Causes and Symptoms (Magill’s Medical Guide, Sixth Edition)
Multiple sclerosis (MS) is a chronic and disabling disease of the nervous system. Symptoms can be mild, such as limb numbness, or severe, such as paralysis and loss of vision. How the disease will progress and its severity in specific individuals are difficult to predict because it progresses differently in each of its victims.
Multiple sclerosis is caused by degeneration of the nervous system. A fatty substance called myelin surrounds and protects many nerve fibers of the brain and spinal cord. Myelin is important because it speeds up signals that move along the nerve fibers. In MS, the body attacks its own tissues, termed an autoimmune reaction, and a breakdown in the myelin layer along the nerves occurs. When any part of the myelin sheathing is destroyed, nerve impulses to and from the brain are slowed, distorted, or interrupted. The disease is called “multiple” because it affects many areas of the brain. Scleroids are hardened, scarred patches that form over the damaged areas of myelin.
The initial symptoms of MS may include tingling, numbness, slurred speech, blurred or double vision, loss of coordination, and muscle weakness. Later manifestations include unusual fatigue, muscle tightness, bowel and bladder control difficulties, sexual dysfunction, and paralysis. The most common cognitive functions influenced are short-term memory, abstract reasoning, verbal fluency, and speed of information processing....
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Treatment and Therapy (Magill’s Medical Guide, Sixth Edition)
Scientists have been encouraged by advancements in MS diagnosis using the MRI brain scan. In 2002 they announced that these scans appear to detect damage around nerve fibers in patients with possible early signs of MS. This detection helps doctors predict those who will eventually develop MS and how severe one’s experience with the disease might be. In turn, this allows a drug regimen to begin earlier. In the past, doctors did not officially diagnose MS or start treatment until patients had two episodes of nerve problems in different areas of the body—reoccurrences that could come years apart while damage nonetheless continued silently. New research has found that putting patients on MS drugs at the first sign of nerve inflammation drastically slows the chances of developing MS within a few years, although most will eventually still develop the disease.
While there is no cure for MS, there are many effective treatments. In most cases, steroidal drugs are used to treat relapses or attacks of the disease. Corticotropin was the first steroidal immunosuppressant to be used widely in MS treatment. The primary effect of the drug is to shorten the duration of an attack, although it does not appear to reduce the severity of the attack. Although it is still used with patients who respond well to it, corticotropin has been supplanted by other drugs. Methylprednisolone is an immunosuppressant and steroid that has replaced...
(The entire section is 919 words.)
Perspective and Prospects (Magill’s Medical Guide, Sixth Edition)
The first written report of MS was published in 1400 when the famed Dutch skater Lydwina of Schieden was diagnosed. It was recognized initially as a wasting disease of unknown origin. The disease was described clinically by Jean-Martin Charcot in 1877. Charcot initially characterized the clinical signs and symptoms of MS. He recognized that the disease affected the nervous system and tried many remedies, without success. In 1890, the cause of MS was thought to be suppression of sweat; the treatment was electrical stimulation and bed rest. At the time, life expectancy for a sufferer was five years after diagnosis. By 1910, MS was thought to be caused by toxins in the blood, and purgatives were alleged the best treatment. In the 1930’s, poor circulation was believed to cause MS, and blood-thinning agents became the treatment of choice. In the 1950’s through the 1970’s, MS was thought to be caused by severe allergies; treatments included antihistamines. Not until the 1980’s was the basis of MS understood and effective treatment developed.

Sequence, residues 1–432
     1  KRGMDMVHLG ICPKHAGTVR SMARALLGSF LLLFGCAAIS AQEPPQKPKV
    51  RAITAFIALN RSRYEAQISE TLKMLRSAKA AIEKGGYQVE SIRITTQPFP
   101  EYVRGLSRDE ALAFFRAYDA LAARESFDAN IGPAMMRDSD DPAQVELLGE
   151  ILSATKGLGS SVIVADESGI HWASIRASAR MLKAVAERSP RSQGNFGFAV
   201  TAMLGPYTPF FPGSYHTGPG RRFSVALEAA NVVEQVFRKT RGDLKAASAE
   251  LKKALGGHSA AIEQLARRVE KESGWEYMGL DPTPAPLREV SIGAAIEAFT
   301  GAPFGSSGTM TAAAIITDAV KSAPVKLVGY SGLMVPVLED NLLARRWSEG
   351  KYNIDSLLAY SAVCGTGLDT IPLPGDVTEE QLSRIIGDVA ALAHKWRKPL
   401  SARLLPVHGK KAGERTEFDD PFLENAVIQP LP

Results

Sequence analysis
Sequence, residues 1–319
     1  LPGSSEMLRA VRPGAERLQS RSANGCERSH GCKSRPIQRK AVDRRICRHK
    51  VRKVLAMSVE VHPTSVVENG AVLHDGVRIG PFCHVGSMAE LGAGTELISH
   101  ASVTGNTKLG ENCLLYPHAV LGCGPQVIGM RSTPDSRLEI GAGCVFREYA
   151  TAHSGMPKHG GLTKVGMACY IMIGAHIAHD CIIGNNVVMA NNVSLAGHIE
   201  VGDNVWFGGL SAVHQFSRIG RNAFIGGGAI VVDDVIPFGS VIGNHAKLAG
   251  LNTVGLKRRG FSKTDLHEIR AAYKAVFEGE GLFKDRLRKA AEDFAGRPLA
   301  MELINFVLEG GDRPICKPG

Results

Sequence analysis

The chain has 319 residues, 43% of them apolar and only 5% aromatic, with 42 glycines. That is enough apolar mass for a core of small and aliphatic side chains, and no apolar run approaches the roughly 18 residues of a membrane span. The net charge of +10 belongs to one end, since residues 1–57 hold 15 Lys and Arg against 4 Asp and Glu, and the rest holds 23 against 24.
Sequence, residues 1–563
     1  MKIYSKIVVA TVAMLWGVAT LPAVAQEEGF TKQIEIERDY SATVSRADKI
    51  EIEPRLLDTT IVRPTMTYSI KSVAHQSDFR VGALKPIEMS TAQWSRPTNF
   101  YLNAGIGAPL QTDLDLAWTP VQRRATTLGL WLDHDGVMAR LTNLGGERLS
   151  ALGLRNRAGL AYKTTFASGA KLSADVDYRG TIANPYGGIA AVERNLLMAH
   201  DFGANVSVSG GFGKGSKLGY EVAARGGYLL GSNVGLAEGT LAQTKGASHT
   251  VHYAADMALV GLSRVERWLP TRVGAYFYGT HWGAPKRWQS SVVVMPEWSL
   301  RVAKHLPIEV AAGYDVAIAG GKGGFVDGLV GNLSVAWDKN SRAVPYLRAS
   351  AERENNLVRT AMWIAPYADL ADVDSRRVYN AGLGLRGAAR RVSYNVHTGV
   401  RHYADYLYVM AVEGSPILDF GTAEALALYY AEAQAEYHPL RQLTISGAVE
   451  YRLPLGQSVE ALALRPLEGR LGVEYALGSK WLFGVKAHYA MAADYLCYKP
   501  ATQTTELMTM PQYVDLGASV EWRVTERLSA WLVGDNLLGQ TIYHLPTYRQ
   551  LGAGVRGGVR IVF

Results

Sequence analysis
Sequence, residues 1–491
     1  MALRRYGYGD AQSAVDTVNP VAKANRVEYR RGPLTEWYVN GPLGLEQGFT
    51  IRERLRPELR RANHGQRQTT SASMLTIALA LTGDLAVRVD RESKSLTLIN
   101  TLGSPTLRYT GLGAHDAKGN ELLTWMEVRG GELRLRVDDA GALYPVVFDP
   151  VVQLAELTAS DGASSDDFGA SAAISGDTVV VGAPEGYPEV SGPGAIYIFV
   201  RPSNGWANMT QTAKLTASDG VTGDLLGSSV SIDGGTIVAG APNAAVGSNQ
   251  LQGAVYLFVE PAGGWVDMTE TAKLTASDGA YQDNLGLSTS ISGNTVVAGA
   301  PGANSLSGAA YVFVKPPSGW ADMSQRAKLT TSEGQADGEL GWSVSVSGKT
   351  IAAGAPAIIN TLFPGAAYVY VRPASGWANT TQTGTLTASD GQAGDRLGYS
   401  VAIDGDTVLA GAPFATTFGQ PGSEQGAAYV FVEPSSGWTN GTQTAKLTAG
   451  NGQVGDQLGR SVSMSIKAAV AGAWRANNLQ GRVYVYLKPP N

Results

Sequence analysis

By the early twenty-first century, it was estimated that 400,000 Americans had this disorder of the brain and spinal cord, which causes disruption in the smooth flow of electrical messages from brain and nerves to the body. The progress of the disease is slow and may take decades to achieve complete nerve degeneration and paralysis. Although often considered a disease of...
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For Further Information: (Magill’s Medical Guide, Sixth Edition)
Blackstone, Margaret. The First Year—Multiple Sclerosis: An Essential Guide for the Newly Diagnosed. 2d ed. New York: Avalon, 2007. Written by an MS patient, guides newly diagnosed patients step-by-step through their first year with MS and sets expectations by providing reliable and updated information on the disease. The second edition includes new research on MS, updated medications, information on support groups, and more.
Halbreich, Uriel. Multiple Sclerosis: A Neuropsychiatric Disorder. Boston: American Psychiatric Press, 1993. Describes the psychological conditions that often accompany multiple sclerosis.
Iams, Betty. From MS to Wellness. Chicago: Iams House, 1998. An autobiography of an MS sufferer who outlines treatments that have helped her overcome the disease.
Kalb, Rosalind, ed. Multiple Sclerosis: The Questions You Have, the Answers You Need. 4th ed. New York: Demos Vermande, 2008. A guide for everyone concerned about multiple sclerosis.
Litin, Scott C., ed. “Multiple Sclerosis.” In Mayo Clinic Family Health Book. 4th ed. New York: HarperResource, 2009. A chapter in a text that discusses both muscles and bones, underscoring the intimate relationship between disorders in the two systems. The text and illustrations are complete and easy to understand.
Matthews, Bryan. Multiple Sclerosis: The Facts. 4th ed. New York:...
(The entire section is 369 words.)
Multiple Sclerosis (Encyclopedia of Medicine)
Multiple sclerosis (MS) is a chronic autoimmune disorder affecting movement, sensation, and bodily functions. It is caused by destruction of the myelin insulation covering nerve fibers (neurons) in the central nervous system (brain and spinal cord).